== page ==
Our understanding of gender identity as a concept begins to form when we’re toddlers, and — because exposure to anti-LGBTQIA+ attitudes has the potential to cause long-term psychological damage — it’s essential that educators and families give young people the freedom to explore and recognize how they define it generally and in relationship to the self. 

Though attempts to codify restrictive binary gender categories into law can undermine healthy development, nearly three dozen states have introduced more than 100 anti-LGBTQIA+ bills targeting the rights of transgender people, especially youth, over the past few months. This record-breaking flurry of anti-LGBTQIA+ legislation threatens the physical and mental wellness of transgender youth and raises newfound challenges for all of us. 

In the face of this legislative overreach, it’s our responsibility as educators and family members to support healthy development and combat anti-LGBTQIA+ sentiments.

Research suggests that between 18 and 24 months, most children develop the ability to recognize and label binary gender groups such as girl/boy, and by about age 3, they’ve begun to assign labels to their own gender identity. 

During this critical period of development and the years that follow, we can help young people form healthy gender identities through small shifts in daily routines that can make a big difference. Using nongendered language when addressing children in classes can make LGBTQIA+ students and families feel seen, safe, and welcome. Calling students “third graders,” “historians,” or “folks” may take some getting used to but is a simple step that helps to create welcoming classrooms.

School leaders and teachers must ensure that their schools are embedding literature throughout the day that gives all students opportunities to see themselves and others represented in a positive light. It is crucial that children have an opportunity to read books that include a variety of family structures and gender identities. Additionally, delivering social and emotional learning (SEL) lessons on gender and sexual identity that give children the space to explore their individual identity, while explaining the difference between sex and gender, eliminates some of the challenges and misconceptions many adults face when unpacking the gendered world around them. 

Educators can advocate for their students by hosting a Gay-Straight Alliance/Gender and Sexuality Alliance (GSA) program to provide affinity space for their LGBTQIA+ students and their allies. LGBTQIA+ students who had a GSA in their school were less likely to hear negative comments about their identity and more likely to stay in school, compared with those who did not have access to such programs.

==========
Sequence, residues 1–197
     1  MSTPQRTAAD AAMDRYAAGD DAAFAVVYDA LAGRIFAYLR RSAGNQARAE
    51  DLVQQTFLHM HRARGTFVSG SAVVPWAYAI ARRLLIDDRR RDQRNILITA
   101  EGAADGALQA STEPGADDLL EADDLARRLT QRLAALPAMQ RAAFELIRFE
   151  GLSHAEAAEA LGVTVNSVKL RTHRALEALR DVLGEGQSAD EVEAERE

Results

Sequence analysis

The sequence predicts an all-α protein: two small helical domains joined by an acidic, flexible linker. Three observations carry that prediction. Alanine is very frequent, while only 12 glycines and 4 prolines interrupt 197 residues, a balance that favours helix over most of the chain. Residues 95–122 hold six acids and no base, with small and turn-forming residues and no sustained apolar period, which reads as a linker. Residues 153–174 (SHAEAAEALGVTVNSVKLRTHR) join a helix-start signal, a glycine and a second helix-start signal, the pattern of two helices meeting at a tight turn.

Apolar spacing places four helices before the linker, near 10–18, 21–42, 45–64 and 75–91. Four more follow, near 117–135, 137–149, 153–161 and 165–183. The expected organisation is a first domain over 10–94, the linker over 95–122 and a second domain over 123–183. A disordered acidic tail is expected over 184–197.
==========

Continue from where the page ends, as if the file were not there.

Families can also engage in this work by encouraging their children to see and discuss an array of gender identities and family arrangements through books such as Julián Is a Mermaid by Jessica Love and other books found on inclusive websites, including Social Justice Books, Book Riot, and GLSEN’s Rainbow Library Project. When families read books to their children, they can replace gender-normative language, such as “this girl” or “this boy,” with gender-neutral language, such as “this person” or “this character.” 

When our children make assumptions about the character’s gender, we can ask them what might make them think that, and then gently ask them questions that encourage them to reconsider the gender stereotypes they might hold. Families should maintain a sense of optimism and openness as their children explore and develop their own ideas about gender and sexuality and the ideas that others around them hold. 

We can do this outside of our homes, too. When we are eating dinner in our local restaurant with our families, we can employ gender-neutral language to avoid misgendering others. Rather than encouraging our children to tell the “waitress” or “lady” what they want to eat, we can tell them to give “this person” or “this individual” their order. We can engage in local Pride events or Drag Queen Story Hour to offer young children the opportunity to recognize and appreciate the range and beauty of diverse gender identities.

While these changes might be an adjustment for many of us, inaction poses risks to LGBTQIA+ youth and does not contribute to positive gender identities. In the past year, 42% of LGBTQIA+ youth reported considering suicide. LGBTQIA+ youth also reported that when their preferred gender pronouns and legal names were respected, they were much less likely to attempt suicide. LGBTQIA+ students report higher incidences of bullying, which affects their mental health and educational outcomes. 

We have a chance to counter this recent string of LGBTQIA+ hate bills and oppressive policies in many ways — perhaps most importantly in our schools and homes.

Erika Kitzmiller is a term assistant professor in the Department of Education at Barnard College of Columbia University.

Lauren Overton is principal of the Penn Alexander School, which educates kindergarten through 8th grade students in Philadelphia.